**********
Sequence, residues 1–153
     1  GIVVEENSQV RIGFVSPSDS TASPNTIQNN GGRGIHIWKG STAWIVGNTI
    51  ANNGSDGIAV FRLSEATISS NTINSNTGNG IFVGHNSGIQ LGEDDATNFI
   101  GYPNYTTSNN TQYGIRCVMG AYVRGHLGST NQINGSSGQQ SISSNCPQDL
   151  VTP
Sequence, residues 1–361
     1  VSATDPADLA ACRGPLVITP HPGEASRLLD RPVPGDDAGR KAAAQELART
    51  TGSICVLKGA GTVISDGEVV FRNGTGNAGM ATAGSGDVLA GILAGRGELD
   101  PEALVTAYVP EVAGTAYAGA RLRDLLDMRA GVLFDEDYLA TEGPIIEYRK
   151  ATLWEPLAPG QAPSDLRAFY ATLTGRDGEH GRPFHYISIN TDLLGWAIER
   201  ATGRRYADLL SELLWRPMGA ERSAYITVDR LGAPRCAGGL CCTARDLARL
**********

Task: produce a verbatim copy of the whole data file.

Sequence, residues 1–153
     1  GIVVEENSQV RIGFVSPSDS TASPNTIQNN GGRGIHIWKG STAWIVGNTI
    51  ANNGSDGIAV FRLSEATISS NTINSNTGNG IFVGHNSGIQ LGEDDATNFI
   101  GYPNYTTSNN TQYGIRCVMG AYVRGHLGST NQINGSSGQQ SISSNCPQDL
   151  VTP
Sequence, residues 1–361
     1  VSATDPADLA ACRGPLVITP HPGEASRLLD RPVPGDDAGR KAAAQELART
    51  TGSICVLKGA GTVISDGEVV FRNGTGNAGM ATAGSGDVLA GILAGRGELD
   101  PEALVTAYVP EVAGTAYAGA RLRDLLDMRA GVLFDEDYLA TEGPIIEYRK
   151  ATLWEPLAPG QAPSDLRAFY ATLTGRDGEH GRPFHYISIN TDLLGWAIER
   201  ATGRRYADLL SELLWRPMGA ERSAYITVDR LGAPRCAGGL CCTARDLARL